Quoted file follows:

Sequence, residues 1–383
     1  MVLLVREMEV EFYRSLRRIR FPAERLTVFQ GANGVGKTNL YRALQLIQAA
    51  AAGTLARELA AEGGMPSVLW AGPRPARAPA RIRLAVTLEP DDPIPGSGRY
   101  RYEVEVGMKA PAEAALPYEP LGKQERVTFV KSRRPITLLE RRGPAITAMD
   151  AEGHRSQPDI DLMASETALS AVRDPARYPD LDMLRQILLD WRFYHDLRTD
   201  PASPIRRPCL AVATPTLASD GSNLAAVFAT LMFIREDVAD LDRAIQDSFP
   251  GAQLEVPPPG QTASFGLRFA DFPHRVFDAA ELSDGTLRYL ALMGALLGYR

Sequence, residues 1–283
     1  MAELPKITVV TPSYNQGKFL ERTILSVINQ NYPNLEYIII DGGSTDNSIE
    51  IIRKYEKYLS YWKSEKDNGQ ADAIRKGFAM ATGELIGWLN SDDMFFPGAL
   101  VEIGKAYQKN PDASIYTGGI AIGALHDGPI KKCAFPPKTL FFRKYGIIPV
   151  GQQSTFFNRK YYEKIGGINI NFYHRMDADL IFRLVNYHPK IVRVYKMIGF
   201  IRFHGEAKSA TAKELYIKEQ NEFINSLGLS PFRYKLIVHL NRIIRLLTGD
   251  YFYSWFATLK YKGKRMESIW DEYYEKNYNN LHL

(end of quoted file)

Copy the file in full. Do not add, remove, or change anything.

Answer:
Sequence, residues 1–383
     1  MVLLVREMEV EFYRSLRRIR FPAERLTVFQ GANGVGKTNL YRALQLIQAA
    51  AAGTLARELA AEGGMPSVLW AGPRPARAPA RIRLAVTLEP DDPIPGSGRY
   101  RYEVEVGMKA PAEAALPYEP LGKQERVTFV KSRRPITLLE RRGPAITAMD
   151  AEGHRSQPDI DLMASETALS AVRDPARYPD LDMLRQILLD WRFYHDLRTD
   201  PASPIRRPCL AVATPTLASD GSNLAAVFAT LMFIREDVAD LDRAIQDSFP
   251  GAQLEVPPPG QTASFGLRFA DFPHRVFDAA ELSDGTLRYL ALMGALLGYR

Sequence, residues 1–283
     1  MAELPKITVV TPSYNQGKFL ERTILSVINQ NYPNLEYIII DGGSTDNSIE
    51  IIRKYEKYLS YWKSEKDNGQ ADAIRKGFAM ATGELIGWLN SDDMFFPGAL
   101  VEIGKAYQKN PDASIYTGGI AIGALHDGPI KKCAFPPKTL FFRKYGIIPV
   151  GQQSTFFNRK YYEKIGGINI NFYHRMDADL IFRLVNYHPK IVRVYKMIGF
   201  IRFHGEAKSA TAKELYIKEQ NEFINSLGLS PFRYKLIVHL NRIIRLLTGD
   251  YFYSWFATLK YKGKRMESIW DEYYEKNYNN LHL